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Identification of a maize kernel stress-related protein and its effect on aflatoxin accumulation
- Aflatoxins are carcinogens produced mainly by Aspergillus flavus during infection of susceptible crops such as maize. Through proteomic comparisons of maize kernel embryo proteins of resistant and susceptible genotypes, several protein spots previously were found to be unique or upregulated in resistant embryos. In the present study, one of these protein spots was sequenced and identified as glyoxalase I (GLX-I; EC 184.108.40.206). The full-length cDNA of the glyoxalase I gene (glx-I) was cloned. GLX-I constitutive activity was found to be significantly higher in the resistant maize lines compared with susceptible ones. After kernel infection by A. flavus, GLX-I activity remained lower in susceptible genotypes than in resistant genotypes. However, fungal infection significantly increased methylglyoxal (MG) levels in two of three susceptible genotypes. Further, MG was found to induce aflatoxin production in A. flavus culture at a concentration as low as 5.0 micromolar. The mode of action of MG may be to stimulate the expression of aflR, an aflatoxin biosynthesis regulatory gene, which was found to be significantly upregulated in the presence of 5 to 20 micromolar MG. These data suggest that GLX-I may play an important role in controlling MG levels inside kernels, thereby contributing to the lower levels of aflatoxins found in resistant maize genotypes.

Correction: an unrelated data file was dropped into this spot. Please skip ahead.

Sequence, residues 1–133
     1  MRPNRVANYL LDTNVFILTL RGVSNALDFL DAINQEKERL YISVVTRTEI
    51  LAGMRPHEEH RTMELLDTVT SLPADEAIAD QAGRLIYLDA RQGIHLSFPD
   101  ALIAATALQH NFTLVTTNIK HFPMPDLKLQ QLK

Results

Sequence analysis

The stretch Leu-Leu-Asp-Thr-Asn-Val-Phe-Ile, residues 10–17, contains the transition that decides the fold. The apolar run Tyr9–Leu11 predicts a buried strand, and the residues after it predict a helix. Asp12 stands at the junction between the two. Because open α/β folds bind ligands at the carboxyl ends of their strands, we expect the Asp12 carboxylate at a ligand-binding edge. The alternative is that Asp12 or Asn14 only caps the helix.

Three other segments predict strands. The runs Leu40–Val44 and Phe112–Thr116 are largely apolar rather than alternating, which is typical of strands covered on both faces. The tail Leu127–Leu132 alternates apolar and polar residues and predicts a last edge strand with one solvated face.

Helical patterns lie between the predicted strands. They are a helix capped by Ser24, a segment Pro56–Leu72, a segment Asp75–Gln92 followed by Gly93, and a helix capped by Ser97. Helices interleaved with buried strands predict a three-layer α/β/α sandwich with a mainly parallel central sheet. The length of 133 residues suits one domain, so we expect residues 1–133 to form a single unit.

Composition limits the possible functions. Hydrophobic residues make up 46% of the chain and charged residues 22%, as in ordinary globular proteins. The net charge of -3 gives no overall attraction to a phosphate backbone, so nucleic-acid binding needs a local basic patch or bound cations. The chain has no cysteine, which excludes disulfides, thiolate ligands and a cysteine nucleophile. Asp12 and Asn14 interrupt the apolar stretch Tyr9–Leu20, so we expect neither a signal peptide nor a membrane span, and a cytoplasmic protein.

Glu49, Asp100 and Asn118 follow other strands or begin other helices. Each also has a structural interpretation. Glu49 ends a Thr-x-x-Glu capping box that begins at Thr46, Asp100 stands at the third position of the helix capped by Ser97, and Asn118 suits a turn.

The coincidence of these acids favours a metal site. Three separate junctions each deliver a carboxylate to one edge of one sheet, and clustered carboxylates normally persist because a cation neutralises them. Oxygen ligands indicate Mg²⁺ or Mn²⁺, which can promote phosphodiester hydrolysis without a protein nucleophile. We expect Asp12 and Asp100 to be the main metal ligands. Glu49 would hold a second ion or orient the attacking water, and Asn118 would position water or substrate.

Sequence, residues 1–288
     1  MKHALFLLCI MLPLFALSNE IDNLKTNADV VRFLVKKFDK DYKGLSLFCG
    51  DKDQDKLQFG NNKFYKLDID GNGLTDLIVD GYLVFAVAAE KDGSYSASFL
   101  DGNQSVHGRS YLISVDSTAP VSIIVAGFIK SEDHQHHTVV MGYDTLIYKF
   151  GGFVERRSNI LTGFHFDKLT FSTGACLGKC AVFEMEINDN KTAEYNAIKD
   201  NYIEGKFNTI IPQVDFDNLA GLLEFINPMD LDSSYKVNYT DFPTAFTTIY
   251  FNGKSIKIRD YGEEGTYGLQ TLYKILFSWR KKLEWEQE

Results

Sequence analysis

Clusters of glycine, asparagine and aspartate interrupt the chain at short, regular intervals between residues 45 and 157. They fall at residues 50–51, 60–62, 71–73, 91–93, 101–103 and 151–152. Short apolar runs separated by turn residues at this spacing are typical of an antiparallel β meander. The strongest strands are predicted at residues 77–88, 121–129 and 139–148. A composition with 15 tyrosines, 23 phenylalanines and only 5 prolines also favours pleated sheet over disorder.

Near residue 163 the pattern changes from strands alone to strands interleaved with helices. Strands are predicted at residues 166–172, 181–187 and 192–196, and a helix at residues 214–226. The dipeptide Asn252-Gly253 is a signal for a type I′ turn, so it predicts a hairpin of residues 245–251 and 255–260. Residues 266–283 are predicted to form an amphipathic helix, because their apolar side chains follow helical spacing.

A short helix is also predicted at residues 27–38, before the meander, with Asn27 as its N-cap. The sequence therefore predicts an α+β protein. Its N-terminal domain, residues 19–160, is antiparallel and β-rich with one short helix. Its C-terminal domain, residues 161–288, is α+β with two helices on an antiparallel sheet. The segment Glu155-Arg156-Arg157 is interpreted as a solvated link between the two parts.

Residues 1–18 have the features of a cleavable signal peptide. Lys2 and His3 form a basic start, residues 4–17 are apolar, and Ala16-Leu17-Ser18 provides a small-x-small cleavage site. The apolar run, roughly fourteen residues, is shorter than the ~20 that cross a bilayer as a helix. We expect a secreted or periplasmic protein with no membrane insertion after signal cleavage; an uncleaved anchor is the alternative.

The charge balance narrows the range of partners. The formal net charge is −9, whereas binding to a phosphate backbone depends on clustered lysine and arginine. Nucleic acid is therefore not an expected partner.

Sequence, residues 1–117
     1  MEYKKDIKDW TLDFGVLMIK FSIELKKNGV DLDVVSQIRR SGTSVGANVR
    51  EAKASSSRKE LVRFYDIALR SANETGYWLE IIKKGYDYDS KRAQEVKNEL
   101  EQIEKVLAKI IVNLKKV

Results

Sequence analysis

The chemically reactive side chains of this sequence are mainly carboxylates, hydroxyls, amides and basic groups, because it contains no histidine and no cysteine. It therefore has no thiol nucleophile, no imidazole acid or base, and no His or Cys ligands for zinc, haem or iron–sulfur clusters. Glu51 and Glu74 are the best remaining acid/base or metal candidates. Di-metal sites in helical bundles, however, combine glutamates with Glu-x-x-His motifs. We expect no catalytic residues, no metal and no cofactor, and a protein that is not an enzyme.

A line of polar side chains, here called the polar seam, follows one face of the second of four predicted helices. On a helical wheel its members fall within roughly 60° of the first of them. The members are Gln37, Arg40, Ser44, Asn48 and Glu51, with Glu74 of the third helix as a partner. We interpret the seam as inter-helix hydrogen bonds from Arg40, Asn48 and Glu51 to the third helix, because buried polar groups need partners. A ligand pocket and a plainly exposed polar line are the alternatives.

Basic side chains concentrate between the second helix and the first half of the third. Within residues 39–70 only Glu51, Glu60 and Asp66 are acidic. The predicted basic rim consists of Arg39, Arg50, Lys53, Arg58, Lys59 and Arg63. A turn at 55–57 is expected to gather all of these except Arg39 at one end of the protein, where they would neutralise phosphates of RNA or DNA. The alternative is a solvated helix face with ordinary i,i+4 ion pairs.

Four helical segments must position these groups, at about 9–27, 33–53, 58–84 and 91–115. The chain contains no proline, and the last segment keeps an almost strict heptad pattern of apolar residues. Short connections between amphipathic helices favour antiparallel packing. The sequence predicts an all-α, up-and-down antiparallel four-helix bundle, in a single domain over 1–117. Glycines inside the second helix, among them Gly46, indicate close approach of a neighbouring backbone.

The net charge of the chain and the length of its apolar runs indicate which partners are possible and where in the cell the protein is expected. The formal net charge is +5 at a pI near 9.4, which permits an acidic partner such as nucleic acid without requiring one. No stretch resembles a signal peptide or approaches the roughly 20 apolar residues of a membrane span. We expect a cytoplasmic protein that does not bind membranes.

Chen, Z.Y. , Brown, R.L. , Damann, K.E. , Cleveland, T.E.
Zea mays , corn , Aspergillus flavus , plant pathogenic fungi , pathogenicity , seeds , aflatoxins , secondary metabolites , biosynthesis , carbon-sulfur lyases , enzyme activity , disease resistance , protein composition , protein synthesis , biochemical pathways , amino acid sequences , sequence homology , genes , gene expression , genotype , genetic variation
- Includes references
- Phytopathology 2004 Sept., v. 94, no. 9
Journal Articles, USDA Authors, Peer-Reviewed
- Works produced by employees of the U.S. Government as part of their official duties are not copyrighted within the U.S. The content of this document is not copyrighted.